Yohji Yamamoto’s aesthetic hasn’t changed over the years. The dark colours, the slipped silhouettes and the underground soul are still the same as that anti-fashion movement that characterized the 90s and his first appearance, together with Rei Kawakubo, on the western fashion scene. We are the ones who have changed, the “outside” society, and now, after the last events, we begins to understand better what the designer does.
The collection, therefore, presented via video as usual in these days, is particularly suitable for the uncertain times ahead of us. There is a kind of tension, throughout the fourteen minutes of presentation, that makes you want to see more, know more, go beyond the darkness that envelops the entire scene and that intensify every time a model leaves in order for the next one to emerge. The atmosphere is tense also because of the music, which is always particularly felt, in Yamamoto’s shows, because he is the composer.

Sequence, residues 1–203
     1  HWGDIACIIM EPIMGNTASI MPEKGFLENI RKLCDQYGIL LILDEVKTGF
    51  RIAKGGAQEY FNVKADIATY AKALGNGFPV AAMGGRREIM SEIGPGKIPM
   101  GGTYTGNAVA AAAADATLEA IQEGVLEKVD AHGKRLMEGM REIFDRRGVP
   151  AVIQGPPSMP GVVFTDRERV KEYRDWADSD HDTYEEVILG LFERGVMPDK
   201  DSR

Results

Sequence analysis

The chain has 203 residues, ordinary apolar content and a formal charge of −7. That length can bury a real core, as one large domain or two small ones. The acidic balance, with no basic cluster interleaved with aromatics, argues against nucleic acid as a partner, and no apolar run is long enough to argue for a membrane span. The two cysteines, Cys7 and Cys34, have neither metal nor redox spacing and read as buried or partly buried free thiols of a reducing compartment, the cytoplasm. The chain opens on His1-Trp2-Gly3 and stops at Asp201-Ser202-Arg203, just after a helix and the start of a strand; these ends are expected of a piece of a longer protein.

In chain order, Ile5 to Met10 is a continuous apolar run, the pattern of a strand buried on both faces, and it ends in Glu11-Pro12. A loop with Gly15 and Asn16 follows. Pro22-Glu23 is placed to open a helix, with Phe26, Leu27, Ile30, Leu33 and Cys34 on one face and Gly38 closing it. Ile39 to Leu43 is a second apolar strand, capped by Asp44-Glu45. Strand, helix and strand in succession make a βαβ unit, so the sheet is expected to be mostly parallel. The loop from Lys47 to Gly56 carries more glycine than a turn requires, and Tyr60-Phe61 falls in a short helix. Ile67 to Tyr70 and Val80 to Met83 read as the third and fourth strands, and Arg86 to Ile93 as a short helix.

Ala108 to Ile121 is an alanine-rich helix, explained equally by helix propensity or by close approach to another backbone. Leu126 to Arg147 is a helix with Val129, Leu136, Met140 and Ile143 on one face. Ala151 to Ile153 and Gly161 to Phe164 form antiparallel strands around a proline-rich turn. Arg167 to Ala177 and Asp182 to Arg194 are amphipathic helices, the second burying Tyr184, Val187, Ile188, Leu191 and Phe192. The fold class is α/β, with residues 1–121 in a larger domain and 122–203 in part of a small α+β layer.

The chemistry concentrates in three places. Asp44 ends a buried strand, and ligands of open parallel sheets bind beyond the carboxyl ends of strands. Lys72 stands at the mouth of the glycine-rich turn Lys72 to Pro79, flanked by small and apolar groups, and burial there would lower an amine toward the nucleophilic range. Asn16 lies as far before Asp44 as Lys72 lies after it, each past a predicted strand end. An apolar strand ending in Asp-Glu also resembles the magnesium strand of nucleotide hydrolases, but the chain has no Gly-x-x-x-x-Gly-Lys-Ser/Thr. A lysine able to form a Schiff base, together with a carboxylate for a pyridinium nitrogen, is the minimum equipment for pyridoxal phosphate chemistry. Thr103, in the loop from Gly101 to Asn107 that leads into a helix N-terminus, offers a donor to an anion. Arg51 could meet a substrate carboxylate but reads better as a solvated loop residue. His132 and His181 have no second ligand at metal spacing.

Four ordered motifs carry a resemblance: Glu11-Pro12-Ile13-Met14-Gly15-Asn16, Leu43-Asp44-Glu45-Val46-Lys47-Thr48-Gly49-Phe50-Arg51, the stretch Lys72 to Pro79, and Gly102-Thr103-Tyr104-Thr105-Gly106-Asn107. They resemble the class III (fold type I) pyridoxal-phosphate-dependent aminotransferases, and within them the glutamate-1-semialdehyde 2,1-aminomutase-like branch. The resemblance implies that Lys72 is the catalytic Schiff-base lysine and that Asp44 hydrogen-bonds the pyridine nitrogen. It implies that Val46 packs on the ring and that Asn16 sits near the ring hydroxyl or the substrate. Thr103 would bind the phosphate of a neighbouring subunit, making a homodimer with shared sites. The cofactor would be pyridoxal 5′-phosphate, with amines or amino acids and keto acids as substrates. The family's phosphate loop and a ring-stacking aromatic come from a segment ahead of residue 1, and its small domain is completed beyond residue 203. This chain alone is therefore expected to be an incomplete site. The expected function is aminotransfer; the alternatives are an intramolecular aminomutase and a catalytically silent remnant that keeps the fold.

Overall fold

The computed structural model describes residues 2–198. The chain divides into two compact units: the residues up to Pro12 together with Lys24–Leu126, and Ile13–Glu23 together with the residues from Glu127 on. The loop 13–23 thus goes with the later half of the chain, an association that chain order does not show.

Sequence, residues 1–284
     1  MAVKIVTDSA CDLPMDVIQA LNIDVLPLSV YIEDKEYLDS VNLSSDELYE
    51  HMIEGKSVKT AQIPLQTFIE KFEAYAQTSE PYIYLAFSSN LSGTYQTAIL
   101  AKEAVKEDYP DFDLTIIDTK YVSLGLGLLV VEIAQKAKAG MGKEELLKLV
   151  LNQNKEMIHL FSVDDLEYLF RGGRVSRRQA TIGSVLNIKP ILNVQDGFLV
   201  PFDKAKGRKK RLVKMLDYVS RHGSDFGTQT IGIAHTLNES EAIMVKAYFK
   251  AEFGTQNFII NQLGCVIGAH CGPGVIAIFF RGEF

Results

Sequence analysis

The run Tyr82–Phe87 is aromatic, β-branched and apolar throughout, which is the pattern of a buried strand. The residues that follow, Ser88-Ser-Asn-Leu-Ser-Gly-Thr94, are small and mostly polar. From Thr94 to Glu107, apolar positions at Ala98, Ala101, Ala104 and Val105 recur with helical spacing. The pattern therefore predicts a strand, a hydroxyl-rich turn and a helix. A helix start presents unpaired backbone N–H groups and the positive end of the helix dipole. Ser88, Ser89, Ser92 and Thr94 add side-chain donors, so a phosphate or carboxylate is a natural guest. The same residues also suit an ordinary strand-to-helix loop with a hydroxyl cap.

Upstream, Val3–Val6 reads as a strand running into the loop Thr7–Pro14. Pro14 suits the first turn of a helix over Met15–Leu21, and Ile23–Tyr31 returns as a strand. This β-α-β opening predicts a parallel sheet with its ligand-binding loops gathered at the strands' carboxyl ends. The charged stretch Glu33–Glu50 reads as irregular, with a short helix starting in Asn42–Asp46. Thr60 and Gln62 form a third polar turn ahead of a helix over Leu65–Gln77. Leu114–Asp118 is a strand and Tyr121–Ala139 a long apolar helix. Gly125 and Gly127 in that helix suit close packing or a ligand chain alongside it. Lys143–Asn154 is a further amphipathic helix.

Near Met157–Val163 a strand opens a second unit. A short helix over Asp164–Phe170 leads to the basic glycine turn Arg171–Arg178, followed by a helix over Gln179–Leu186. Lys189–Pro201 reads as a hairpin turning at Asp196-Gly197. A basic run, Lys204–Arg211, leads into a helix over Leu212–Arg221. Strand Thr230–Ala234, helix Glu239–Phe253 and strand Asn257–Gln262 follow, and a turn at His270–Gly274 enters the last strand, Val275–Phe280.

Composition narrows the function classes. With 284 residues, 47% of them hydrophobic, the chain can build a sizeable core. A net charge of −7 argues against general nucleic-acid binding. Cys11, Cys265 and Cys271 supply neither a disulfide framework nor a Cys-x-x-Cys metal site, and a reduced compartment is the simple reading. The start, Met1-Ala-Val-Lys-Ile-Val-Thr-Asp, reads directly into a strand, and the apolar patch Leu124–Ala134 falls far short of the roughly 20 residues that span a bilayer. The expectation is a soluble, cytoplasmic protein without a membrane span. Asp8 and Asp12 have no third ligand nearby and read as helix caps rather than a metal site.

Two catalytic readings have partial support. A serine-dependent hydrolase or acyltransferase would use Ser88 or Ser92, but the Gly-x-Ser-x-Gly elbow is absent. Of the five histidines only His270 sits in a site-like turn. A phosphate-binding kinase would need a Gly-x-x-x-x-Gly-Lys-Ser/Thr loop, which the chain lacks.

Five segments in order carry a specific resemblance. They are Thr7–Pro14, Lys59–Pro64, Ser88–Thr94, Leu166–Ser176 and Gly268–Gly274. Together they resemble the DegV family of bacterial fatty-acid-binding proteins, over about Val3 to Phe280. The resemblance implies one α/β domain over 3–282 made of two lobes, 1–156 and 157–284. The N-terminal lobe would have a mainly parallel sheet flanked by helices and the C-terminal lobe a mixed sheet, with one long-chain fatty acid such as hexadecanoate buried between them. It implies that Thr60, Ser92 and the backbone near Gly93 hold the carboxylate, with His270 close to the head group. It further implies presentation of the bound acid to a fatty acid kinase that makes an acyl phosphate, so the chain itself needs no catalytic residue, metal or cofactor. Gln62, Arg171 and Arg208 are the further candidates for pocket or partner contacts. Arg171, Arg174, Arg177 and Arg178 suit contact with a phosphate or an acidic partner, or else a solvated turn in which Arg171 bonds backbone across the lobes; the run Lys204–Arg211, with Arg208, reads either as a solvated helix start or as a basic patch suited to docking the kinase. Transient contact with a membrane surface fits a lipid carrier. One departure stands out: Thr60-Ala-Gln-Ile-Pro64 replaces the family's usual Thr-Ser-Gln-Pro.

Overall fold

The whole experience is summed up in the garments. The shapes are linear and sliding, any rigid structure is absent. The materials are mostly shiny, in black, gray, white and red. There are some prints and the pattern for the eye is recurrent: the eyeball becomes even a button. There is a military inspiration as well, in the double-breasted coats for example. And then there are garments embroidered with words, in white thread, in English and Japanese. Yamamoto himself, who greets at the end of the video/fashion show, wears a jacket with the word Fragile embroidered on it.
The latent sense of restlessness of the whole collection is nothing more than an invitation to reckon with it: recognizing our weaknesses, facing them and eventually living with them, is a skill we have to master today more than ever.
Cover image courtesy: Yohji Yamamoto via vogue.com